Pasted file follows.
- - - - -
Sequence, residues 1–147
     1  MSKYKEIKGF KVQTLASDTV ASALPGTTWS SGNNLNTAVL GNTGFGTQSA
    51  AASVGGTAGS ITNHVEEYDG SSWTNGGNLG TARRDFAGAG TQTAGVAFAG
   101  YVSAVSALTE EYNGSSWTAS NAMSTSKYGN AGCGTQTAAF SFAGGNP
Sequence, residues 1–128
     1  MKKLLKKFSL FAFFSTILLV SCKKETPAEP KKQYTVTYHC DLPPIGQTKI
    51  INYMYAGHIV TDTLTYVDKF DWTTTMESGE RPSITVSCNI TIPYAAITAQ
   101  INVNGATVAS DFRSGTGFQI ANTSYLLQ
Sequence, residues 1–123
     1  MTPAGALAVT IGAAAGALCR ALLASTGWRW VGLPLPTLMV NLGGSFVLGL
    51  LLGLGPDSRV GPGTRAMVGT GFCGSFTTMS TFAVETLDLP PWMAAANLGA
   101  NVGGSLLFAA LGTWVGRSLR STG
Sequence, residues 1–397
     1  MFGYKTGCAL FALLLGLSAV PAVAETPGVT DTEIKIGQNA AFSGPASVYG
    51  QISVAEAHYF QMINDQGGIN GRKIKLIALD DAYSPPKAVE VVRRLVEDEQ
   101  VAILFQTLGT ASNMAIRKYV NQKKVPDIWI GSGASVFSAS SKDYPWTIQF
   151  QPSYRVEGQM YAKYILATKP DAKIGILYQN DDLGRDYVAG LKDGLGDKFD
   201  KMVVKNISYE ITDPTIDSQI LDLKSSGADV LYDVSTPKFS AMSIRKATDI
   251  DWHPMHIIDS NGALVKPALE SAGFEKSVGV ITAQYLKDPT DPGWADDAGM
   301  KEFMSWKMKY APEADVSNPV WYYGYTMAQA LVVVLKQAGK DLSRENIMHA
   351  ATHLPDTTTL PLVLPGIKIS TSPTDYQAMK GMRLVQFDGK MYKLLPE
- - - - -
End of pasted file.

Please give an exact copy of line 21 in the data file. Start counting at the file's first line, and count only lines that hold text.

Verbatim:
   351  ATHLPDTTTL PLVLPGIKIS TSPTDYQAMK GMRLVQFDGK MYKLLPE